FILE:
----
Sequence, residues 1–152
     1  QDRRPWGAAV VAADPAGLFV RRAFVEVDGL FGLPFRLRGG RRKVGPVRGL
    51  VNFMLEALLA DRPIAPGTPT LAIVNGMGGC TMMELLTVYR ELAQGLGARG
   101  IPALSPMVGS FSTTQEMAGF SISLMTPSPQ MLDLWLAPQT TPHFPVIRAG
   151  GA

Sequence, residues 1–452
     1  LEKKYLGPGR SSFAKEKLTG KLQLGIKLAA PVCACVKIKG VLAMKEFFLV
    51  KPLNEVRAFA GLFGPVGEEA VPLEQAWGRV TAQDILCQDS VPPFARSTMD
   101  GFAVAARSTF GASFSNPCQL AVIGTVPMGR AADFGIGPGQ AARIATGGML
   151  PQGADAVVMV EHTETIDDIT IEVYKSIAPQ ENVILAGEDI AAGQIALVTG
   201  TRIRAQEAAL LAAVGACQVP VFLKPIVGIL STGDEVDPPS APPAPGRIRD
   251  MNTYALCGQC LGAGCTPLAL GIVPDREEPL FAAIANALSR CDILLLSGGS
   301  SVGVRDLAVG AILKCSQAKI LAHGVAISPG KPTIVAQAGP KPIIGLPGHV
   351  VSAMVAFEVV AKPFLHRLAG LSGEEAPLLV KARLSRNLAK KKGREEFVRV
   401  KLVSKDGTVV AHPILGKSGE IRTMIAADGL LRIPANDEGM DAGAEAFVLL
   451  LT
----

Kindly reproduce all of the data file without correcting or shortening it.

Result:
Sequence, residues 1–152
     1  QDRRPWGAAV VAADPAGLFV RRAFVEVDGL FGLPFRLRGG RRKVGPVRGL
    51  VNFMLEALLA DRPIAPGTPT LAIVNGMGGC TMMELLTVYR ELAQGLGARG
   101  IPALSPMVGS FSTTQEMAGF SISLMTPSPQ MLDLWLAPQT TPHFPVIRAG
   151  GA

Sequence, residues 1–452
     1  LEKKYLGPGR SSFAKEKLTG KLQLGIKLAA PVCACVKIKG VLAMKEFFLV
    51  KPLNEVRAFA GLFGPVGEEA VPLEQAWGRV TAQDILCQDS VPPFARSTMD
   101  GFAVAARSTF GASFSNPCQL AVIGTVPMGR AADFGIGPGQ AARIATGGML
   151  PQGADAVVMV EHTETIDDIT IEVYKSIAPQ ENVILAGEDI AAGQIALVTG
   201  TRIRAQEAAL LAAVGACQVP VFLKPIVGIL STGDEVDPPS APPAPGRIRD
   251  MNTYALCGQC LGAGCTPLAL GIVPDREEPL FAAIANALSR CDILLLSGGS
   301  SVGVRDLAVG AILKCSQAKI LAHGVAISPG KPTIVAQAGP KPIIGLPGHV
   351  VSAMVAFEVV AKPFLHRLAG LSGEEAPLLV KARLSRNLAK KKGREEFVRV
   401  KLVSKDGTVV AHPILGKSGE IRTMIAADGL LRIPANDEGM DAGAEAFVLL
   451  LT